Defamation of Character, Libel and Slander

7.24.7 Updated on:

Defamation of character

Defamation of character is split between libel and slander.

Libel is a false written statement that lowers a person’s opinion of someone else and damages their reputation.

Slander is something said verbally that has the same effect.

The defamation must be said in front of a third party or published for a person to have a claim. The statement must be untrue otherwise it is not defamation. An untrue statement not heard by anyone or not published cannot be defamatory.

Publication includes statements on television,  video, film, online, newspapers, e-mail, text, other electronic message systems or on social media. Libel can include pictures and any other representations that have public or permanent form.

Statements that are likely to be defamatory

There is no easy way of telling what is or is not defamatory and it is really up to the courts to decide whether a particular statement is defamatory or not, taking into account the particular context and nature of the statement.

In general, any statement which tends to lower reputation is defamatory.

It is worth noting that a statement which at first sight is quite harmless may, nevertheless, have a defamatory meaning because of the circumstances in which it is made. That may be because those to whom the statement is made have a special knowledge of particular facts. The statement is then defamatory by innuendo.

The list below gives some idea of the various kinds of statements which in the past the courts have considered to be defamatory.

  • unfit for their particular job or occupation
  • a criminal
  • insane
  • a thief or dishonest
  • corrupt
  • a drunkard or excessive drinker
  • immoral or sexually immoral
  • insolvent or bankrupt

In a few circumstances, defamatory comments, true or not, may be repeated, provided they are quoted accurately and fairly. This applies to, for example:-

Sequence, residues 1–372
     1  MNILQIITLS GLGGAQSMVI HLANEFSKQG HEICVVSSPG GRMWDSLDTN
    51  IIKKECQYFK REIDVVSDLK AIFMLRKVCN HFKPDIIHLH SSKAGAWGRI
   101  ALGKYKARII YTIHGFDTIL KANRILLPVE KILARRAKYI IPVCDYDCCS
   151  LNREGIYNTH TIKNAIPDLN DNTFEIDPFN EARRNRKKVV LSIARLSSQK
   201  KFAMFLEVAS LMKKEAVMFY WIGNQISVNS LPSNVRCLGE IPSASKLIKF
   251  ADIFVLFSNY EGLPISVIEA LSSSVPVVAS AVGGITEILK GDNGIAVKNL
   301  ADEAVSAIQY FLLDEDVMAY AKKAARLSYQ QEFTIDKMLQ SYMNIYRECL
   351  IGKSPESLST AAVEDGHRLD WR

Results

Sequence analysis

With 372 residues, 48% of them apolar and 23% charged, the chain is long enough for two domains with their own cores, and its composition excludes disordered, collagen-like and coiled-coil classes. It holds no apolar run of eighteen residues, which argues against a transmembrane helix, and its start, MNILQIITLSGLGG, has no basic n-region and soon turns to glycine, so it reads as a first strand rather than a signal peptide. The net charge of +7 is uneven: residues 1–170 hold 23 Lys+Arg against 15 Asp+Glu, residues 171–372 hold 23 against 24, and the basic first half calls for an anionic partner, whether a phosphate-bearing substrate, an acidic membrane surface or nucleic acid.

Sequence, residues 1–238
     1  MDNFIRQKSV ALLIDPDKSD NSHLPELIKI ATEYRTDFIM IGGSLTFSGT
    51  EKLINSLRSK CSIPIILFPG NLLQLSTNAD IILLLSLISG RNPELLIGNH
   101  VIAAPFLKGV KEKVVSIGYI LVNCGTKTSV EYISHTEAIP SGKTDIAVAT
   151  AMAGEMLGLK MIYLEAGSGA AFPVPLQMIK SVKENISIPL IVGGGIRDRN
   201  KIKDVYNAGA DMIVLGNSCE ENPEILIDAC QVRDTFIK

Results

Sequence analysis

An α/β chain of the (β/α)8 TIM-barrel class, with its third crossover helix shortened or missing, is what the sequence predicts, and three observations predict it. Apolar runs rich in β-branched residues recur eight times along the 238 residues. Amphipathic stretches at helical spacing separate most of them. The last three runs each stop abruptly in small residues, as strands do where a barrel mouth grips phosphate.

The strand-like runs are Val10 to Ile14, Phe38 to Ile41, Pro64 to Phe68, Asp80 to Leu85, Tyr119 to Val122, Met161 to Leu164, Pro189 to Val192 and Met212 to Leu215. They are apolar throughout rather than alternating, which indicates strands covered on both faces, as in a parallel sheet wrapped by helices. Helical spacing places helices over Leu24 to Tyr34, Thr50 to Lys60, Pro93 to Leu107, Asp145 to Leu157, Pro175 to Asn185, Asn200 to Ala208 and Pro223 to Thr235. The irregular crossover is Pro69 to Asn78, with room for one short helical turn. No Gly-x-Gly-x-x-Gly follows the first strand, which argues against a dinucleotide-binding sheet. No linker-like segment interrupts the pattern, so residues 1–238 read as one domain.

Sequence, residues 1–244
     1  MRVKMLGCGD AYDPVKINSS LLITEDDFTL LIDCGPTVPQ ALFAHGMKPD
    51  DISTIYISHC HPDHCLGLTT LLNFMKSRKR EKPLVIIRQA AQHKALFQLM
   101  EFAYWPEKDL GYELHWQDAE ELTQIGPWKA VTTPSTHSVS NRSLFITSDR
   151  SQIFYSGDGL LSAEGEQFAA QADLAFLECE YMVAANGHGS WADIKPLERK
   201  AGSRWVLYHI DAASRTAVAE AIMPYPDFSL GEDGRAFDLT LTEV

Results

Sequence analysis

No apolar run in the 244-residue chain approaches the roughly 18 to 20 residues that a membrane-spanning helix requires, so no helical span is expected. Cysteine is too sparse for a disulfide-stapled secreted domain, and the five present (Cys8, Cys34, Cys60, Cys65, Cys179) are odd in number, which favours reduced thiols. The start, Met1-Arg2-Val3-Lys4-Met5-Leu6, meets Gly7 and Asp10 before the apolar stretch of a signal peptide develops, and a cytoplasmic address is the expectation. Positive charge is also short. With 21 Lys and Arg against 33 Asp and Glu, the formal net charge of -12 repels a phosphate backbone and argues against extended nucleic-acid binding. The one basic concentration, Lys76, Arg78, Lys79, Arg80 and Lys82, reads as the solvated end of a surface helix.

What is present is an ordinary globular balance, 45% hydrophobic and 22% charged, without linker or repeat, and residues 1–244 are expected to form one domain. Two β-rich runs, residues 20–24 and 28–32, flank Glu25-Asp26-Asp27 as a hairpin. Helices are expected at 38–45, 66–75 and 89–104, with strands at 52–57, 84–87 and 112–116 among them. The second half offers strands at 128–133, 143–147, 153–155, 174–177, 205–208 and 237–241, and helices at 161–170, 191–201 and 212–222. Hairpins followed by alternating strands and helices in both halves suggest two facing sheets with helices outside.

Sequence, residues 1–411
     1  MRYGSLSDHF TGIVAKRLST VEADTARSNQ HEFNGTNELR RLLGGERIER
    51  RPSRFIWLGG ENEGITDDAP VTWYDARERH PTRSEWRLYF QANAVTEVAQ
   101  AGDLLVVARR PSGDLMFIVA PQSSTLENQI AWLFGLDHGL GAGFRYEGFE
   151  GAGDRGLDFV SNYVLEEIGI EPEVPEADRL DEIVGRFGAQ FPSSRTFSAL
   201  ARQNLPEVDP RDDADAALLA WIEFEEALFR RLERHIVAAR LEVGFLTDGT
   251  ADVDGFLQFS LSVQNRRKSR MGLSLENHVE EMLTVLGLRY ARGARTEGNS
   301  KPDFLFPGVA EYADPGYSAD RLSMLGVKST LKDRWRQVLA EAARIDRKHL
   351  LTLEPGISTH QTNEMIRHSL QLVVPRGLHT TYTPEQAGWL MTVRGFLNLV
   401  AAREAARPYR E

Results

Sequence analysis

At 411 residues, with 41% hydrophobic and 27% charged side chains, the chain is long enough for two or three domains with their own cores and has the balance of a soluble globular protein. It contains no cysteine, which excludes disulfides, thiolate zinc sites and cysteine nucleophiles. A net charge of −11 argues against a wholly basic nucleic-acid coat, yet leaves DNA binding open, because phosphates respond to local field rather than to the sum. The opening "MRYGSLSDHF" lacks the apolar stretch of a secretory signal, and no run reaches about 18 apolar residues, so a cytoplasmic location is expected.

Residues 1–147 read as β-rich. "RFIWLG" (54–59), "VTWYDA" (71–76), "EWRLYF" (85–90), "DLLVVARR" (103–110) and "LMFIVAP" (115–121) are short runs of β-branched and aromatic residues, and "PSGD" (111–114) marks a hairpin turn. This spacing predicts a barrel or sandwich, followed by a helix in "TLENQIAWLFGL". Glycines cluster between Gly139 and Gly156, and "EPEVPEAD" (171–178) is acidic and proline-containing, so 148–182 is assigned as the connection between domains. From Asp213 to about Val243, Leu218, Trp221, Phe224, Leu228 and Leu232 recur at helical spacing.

• contemporaneous reports in a newspaper, radio or television of judicial proceedings
  • reports of what was said in the States
  • quotations from or reprints of States papers.

In such circumstances, neither the originator of the statement nor the person reporting it can be sued.

Some other statements are protected by qualified privilege. This covers statements –

  • made where someone has a duty to make the statement
  • where the media can show a legitimate interest in reporting
  • reports of public meetings or non contemporaneous court reports.

The statements may be repeated even if they are false as long as they are accurate and not made out of malice.

There is also a defence of fair comment i.e. the right to express an opinion based on facts which are sufficiently true. The comment must be in the public interest.

Defamation in references and testimonials

References which pass from one employer to another are covered by what is known as qualified privilege. This means that a claim against an employer saying that a reference was defamatory would generally not succeed. However past employers must not maliciously make false statements.

E-mails and the Internet

There has been a judgement in the UK that derogatory e-mails can be considered libellous and the employer can be considered to be legally responsible. This is because they are deemed to have published the email.

Owners of internet sites which contain information posted by the public are responsible for the content. An Internet Service Provider in the UK was successfully sued for not removing libellous material when repeatedly asked to do so by the person being libelled.


Legal action is through a Solicitor or Advocate. Legal Aid is not available.

The person being defamed could write a letter to ask for it to stop, otherwise legal action would be started.